Asian Music and Dance

An East Wind

Those who have attended a few Bengali song-and-dance programmes, including those presenting themselves (justifiably or not) as ‘dance-dramas’, have doubtless also acquired a fairly sure sense of what to expect from these occasions. A richly-costumed dancer – usually solo, sometimes in a small ensemble – executes movements of fluid but reserved grace, illustrating the actions or natural scenery depicted in a Rabindrasangit delivered mellifluously by a singer sat behind a harmonium. The effect can be charming, and this kind of programme reliably satisfies a certain kind of Bengali audience, bringing together a community in celebration of the icons of its homeland. Ambitious, exacting or startlingly original are not, however, words that spring to mind. Yet they were the right adjectives to describe this particular Sunday evening of dance, inspired and accompanied by the songs, poems and spirit of Kazi Nazrul Islam, the proverbial blazing ‘comet’ (dhumketu) of Bangla literature to Rabindranath Tagore’s sun. SOAS students from the institution’s Indian Dance Society, now three years and four productions old, were directed with flair and precision – the more impressive considering half the group had no independent dance training – by Debanjali Biswas, currently writing her PhD on conflict and dance in Manipur at King’s College, London. Though the capacity of the Pinter Studio in Queen Mary’s English department was small, it was evident to those who looked on that the boldness of choreography and dramatic conception here would amply justify larger stages.

The production’s twin themes of ‘revolution’ and ‘belonging’ inspired a weave of more traditional romantic and nature imagery with the abrupt impetus of political, even martial, determination. Nazrul was the ‘rebel poet’ (bidrohi kobi), a one-time soldier, revolutionary, political prisoner under the Raj and opponent of fundamentalist prejudice in all those forms (whether caste-, gender- or religion-based) that are now beginning to reassert themselves across the globe. It is a good time to be cultivating his robust, rebellious kind of sympathy. Yet merely transposing the physical repertoire of Rabindranritya or Tagore dance to the presentation of Nazrul is clearly not enough to show that side of him. Instead of reusing smoothed-out gestures borrowed from classical Manipuri, Debanjali danced out Nazrul’s poem Bidrohi (The Rebel) with menacing, invigorating choreography derived from the Manipuri martial art thang-ta – a choice of influence aptly combining her two themes. And with a text filled with war-lust and weapons (even if some of them – Parashuram’s axe, Shiva’s trident – are mythological), why dance empty-handed? Here the whirl of cudgels, standing in for swords (thang), echoed the acrobatic spins of the dancer’s own body.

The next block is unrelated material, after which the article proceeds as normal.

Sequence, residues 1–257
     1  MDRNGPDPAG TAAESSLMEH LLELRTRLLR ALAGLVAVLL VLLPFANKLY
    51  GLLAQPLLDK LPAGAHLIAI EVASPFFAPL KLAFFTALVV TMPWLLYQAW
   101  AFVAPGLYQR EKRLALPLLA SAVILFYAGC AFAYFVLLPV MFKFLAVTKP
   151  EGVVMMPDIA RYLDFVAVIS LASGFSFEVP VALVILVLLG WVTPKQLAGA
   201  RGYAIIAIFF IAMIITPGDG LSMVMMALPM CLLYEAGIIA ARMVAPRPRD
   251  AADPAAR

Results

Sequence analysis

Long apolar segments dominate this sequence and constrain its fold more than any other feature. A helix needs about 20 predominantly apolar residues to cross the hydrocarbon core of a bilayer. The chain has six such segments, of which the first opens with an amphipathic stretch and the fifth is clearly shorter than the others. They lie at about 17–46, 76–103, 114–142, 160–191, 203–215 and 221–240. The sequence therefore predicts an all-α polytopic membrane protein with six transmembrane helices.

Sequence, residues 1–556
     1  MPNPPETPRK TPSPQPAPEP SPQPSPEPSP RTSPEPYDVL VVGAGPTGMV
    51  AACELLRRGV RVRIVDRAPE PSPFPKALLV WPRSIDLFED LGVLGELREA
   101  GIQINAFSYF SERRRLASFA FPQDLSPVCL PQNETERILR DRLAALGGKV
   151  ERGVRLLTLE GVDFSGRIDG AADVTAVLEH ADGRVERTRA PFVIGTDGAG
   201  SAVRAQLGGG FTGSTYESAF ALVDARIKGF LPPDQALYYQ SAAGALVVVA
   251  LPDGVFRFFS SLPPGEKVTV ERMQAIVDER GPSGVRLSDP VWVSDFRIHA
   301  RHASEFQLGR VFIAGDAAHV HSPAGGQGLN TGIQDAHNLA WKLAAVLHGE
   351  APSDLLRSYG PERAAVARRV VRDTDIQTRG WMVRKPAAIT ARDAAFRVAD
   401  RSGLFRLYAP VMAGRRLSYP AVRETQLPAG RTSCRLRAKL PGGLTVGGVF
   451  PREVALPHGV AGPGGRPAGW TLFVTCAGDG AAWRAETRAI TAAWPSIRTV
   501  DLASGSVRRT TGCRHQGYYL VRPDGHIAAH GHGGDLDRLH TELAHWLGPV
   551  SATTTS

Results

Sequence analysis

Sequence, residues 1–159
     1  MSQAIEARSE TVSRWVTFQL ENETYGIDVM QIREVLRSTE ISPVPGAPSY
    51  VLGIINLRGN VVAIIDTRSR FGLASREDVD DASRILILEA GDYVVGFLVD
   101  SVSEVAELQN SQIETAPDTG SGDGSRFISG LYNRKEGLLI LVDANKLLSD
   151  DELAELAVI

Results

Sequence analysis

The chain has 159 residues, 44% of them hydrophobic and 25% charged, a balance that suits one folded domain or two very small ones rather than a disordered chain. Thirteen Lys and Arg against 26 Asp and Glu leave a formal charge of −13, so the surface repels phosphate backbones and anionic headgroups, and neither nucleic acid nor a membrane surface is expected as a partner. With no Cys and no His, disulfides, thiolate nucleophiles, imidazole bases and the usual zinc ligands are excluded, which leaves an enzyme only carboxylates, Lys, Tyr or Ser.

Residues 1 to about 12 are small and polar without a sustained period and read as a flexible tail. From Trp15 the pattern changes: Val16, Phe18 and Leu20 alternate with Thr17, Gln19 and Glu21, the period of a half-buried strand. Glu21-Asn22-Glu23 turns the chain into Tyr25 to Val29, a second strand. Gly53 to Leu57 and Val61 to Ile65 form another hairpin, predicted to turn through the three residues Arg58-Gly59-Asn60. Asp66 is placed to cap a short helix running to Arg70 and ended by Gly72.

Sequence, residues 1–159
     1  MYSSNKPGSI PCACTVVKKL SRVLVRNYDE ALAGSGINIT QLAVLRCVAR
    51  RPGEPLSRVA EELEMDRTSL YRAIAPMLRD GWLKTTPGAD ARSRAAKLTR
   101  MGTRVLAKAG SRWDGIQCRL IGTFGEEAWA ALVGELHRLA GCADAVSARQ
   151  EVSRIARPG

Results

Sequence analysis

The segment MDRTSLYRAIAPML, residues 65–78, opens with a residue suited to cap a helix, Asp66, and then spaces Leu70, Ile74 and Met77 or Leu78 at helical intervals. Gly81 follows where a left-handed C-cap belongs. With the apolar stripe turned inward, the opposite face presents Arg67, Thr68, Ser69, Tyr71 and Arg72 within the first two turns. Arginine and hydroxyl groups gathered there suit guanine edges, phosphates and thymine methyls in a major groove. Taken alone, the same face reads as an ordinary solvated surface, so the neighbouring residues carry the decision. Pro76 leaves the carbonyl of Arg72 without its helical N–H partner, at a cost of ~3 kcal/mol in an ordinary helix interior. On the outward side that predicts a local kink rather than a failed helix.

Other sources of inspiration came from chhau dance, an energetic folk form shared between West Bengal, Orissa and Jharkhand, and from the insistent rhythms of Japanese taiko drumming. The formation of eight or nine dancers moved together in step to the drumbeat, repeating minimal, abstract gestures in unison, simply lit and dressed in almost uniform black, red and purple costumes. Words and melody became superfluous: we were fixed purely on the next strike of arm against air, stick against skin. Even in the more lyrical solo passages, the clichés of Bengali dance-drama were spurned in favour of subtle odissi (Tiyasha Dutta Paul) and neatly-executed bharatanatyam (Maanasa Visweswaran) made to ‘belong’ amicably to the context of the whole by emerging turn-wise from the seated circle of the rest of the group. In place of distracting polychromatic lighting, we glimpsed sparse back-projected natural images moving behind the dancers – clouds spiralling and swelling in time-lapse, a boat struggling through heaving seas – derived from Nazrul’s texts (faultlessly recited both in Bengali and in English translation by Priyanka Basu, John Green and Shabana Charaniya). Musical accompaniment was no less carefully considered as part of the total effect. Shem Jarrold dextrously alternated sarangi and violin, a welcome relief from the otherwise ubiquitous Bengali combination of harmonium and electric keyboard, allowing the classical seasonal ragas Paraj Basant (Nazrul’s Elo oi bonante pagol boshonto) and Megh Malhar (the bandish Bijuri chamke barse) to blossom and flow in the voices of Dipanwita Ghosh, Shreya Sinha and Dripto Sarkar. As the finale of Mora jhonjhar moto uddam (‘We are as impetuous as the storm’) brought the rhythmic enthusiasm of Nazrul’s choruses to the fore, one could not help but be caught up in the boundary-breaking energy that his work embodies – and which this exciting, forward-pointing production transmitted with exemplary force. 



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